- Lisa Bird-Wilson is a Metis writer from Saskatchewan whose short fiction has appeared in a number of literary magazines including Grain, Prairie Fire, The Dalhousie Review, and Geist as well as in an anthology of Aboriginal love stories called Zaagidiwin is a Many Slendoured Thing.
In 2009 Bird-Wilson made the shortlist (second alternate) in the John V. Hicks Long Manuscript Awards for her collection of short stories called Just Pretending. Renowned Ojibway author Richard Wagamese described Bird-Wilson's book-length manuscript as follows:
"Its style is funky and upbeat, like snapping fingers around an oil-barrel fire in some back alley when there´┐½s only song and wine to keep you going. Inventive, curious, leading us onward by its meter and its drive, this is storytelling as a doo-wop ballad, touching and instantly recognizable."
Just Pretending will be published by Coteau Books in spring 2013. Bird-Wilson's nonfiction book, An Institute of Our Own: A History of the Gabriel Dumont Institute (2012) is published by Gabriel Dumont Publishing. She continues to work on a young adult book that centres on Metis culture and the folklore of Rougarou.
In 2011 her story, "Blood Memory," was a finalist in the Western Magazine Awards and subsequently selected by Tightrope Books for inclusion in their "Best Canadian" anthology series. In the 2010 Saskatchewan Writers Guild Short Manuscript Awards, Bird-Wilson placed first in the fiction category, an award she also won in 2008. Competition judge Cynthia Flood describes the strong character in the winning piece: "A smart, angry, lonely girl rebels as hard as possible in order to fight her way through to maturity. Her story cuts sharply from one vivid scene to another as Charlie, whose strong voice is memorable, shows her near-understanding of damaged and self-deceiving human hearts, including her own."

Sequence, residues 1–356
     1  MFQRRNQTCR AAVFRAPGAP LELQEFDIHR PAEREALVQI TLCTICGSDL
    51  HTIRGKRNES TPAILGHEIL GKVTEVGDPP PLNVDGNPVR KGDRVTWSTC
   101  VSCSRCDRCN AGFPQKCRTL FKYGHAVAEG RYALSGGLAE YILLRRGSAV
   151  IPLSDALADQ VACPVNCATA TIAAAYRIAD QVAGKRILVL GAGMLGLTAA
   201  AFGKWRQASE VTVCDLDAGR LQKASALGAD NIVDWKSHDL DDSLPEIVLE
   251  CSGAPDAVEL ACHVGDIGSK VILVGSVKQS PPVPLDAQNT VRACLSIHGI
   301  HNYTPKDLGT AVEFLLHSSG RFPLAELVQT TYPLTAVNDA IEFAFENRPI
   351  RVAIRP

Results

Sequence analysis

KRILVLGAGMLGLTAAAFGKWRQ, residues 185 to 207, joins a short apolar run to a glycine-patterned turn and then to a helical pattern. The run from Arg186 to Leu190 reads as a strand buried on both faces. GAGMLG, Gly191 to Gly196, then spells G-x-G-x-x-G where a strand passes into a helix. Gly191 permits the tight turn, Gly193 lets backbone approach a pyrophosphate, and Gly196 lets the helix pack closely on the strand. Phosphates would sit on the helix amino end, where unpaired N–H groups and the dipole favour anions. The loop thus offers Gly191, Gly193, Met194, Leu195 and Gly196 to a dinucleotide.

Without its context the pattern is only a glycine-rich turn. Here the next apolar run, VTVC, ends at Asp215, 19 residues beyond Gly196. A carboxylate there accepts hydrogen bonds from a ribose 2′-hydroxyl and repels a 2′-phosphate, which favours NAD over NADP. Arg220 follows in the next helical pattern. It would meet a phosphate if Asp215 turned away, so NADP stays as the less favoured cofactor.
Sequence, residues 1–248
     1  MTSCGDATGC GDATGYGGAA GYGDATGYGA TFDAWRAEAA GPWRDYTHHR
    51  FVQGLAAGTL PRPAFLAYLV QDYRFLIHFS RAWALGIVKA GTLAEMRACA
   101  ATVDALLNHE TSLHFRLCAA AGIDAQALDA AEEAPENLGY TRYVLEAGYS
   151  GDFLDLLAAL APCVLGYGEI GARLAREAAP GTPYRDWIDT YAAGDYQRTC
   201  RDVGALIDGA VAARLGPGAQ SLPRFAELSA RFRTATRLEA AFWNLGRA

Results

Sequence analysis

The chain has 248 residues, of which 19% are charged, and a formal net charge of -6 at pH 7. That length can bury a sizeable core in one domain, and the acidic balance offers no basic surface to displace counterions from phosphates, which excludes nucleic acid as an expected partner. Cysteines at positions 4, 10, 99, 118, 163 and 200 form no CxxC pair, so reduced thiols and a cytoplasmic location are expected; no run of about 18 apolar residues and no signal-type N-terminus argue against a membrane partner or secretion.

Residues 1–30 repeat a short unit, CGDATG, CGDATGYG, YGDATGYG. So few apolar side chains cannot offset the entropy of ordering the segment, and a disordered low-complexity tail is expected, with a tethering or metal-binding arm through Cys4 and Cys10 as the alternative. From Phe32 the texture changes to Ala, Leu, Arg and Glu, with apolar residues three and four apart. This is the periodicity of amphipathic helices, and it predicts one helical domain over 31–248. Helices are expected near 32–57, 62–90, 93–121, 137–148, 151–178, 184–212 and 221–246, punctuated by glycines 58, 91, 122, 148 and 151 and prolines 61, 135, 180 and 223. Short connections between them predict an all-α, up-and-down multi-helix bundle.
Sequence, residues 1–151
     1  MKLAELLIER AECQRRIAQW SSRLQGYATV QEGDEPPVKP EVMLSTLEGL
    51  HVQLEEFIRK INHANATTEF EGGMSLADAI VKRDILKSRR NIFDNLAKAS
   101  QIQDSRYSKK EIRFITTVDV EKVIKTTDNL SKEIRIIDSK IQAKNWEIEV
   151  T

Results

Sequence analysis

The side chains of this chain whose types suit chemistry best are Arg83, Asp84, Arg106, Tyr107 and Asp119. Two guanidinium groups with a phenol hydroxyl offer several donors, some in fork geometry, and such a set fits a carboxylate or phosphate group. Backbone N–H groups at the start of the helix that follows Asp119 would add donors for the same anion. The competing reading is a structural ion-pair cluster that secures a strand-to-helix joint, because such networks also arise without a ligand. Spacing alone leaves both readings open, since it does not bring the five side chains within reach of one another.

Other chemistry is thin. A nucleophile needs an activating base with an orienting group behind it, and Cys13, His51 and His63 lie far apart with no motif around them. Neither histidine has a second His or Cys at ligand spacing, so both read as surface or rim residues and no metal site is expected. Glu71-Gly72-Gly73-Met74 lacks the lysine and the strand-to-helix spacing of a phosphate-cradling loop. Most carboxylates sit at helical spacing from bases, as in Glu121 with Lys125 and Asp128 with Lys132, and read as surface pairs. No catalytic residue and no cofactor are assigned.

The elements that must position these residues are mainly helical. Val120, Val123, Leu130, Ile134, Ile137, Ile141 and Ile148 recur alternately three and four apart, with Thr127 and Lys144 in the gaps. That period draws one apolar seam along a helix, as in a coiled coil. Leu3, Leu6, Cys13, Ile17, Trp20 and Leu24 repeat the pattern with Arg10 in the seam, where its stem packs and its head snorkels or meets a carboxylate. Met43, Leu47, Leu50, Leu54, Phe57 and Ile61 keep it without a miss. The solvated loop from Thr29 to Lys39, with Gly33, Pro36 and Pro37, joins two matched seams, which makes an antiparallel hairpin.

Bird-Wilson lives in Saskatoon and works for the Gabriel Dumont Institute, where she has held a variety of positions since 1997, including Principal and her current position as Director. She feels fortunate to have the opportunity to work in a Metis environment on Metis issues every day. In 2005 and 2006, Lisa was a contributing writer to the provincial ABE curricula, and has presented at provincial and national conferences on the topic of curriculum and Aboriginal learners.
- Fiction » Literary
- Non-Fiction » General Non-Fiction
- TitleĽ “Cracker,” in Zaagidiwin is a Many Splendoured Thing: Love, Laughter and Learning Stories from Aboriginal Writers. Ningwakwe Learning Press, 2008
| » Literary Journal|
- Prairie Fire
- The Dalhousie Review
Audience Age Groups
- Secondary School (10-12)